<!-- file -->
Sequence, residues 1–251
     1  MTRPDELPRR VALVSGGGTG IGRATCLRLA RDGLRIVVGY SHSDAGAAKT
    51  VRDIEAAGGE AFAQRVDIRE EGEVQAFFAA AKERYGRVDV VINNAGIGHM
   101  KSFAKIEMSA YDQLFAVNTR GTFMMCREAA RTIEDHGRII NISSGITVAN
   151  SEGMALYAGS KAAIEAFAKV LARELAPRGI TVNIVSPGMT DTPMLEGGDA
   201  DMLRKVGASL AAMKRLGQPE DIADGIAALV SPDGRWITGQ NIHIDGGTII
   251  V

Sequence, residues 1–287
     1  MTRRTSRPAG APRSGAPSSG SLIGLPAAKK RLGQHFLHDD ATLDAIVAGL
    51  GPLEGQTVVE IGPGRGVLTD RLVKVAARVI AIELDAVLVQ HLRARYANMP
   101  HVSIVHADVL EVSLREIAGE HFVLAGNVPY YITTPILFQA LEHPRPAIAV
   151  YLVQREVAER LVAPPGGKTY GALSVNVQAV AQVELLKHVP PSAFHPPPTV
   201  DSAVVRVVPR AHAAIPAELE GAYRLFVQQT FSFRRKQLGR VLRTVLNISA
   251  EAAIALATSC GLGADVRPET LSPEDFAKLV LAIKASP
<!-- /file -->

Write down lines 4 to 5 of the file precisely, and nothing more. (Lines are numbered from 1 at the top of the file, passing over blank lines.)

   101  KSFAKIEMSA YDQLFAVNTR GTFMMCREAA RTIEDHGRII NISSGITVAN
   151  SEGMALYAGS KAAIEAFAKV LARELAPRGI TVNIVSPGMT DTPMLEGGDA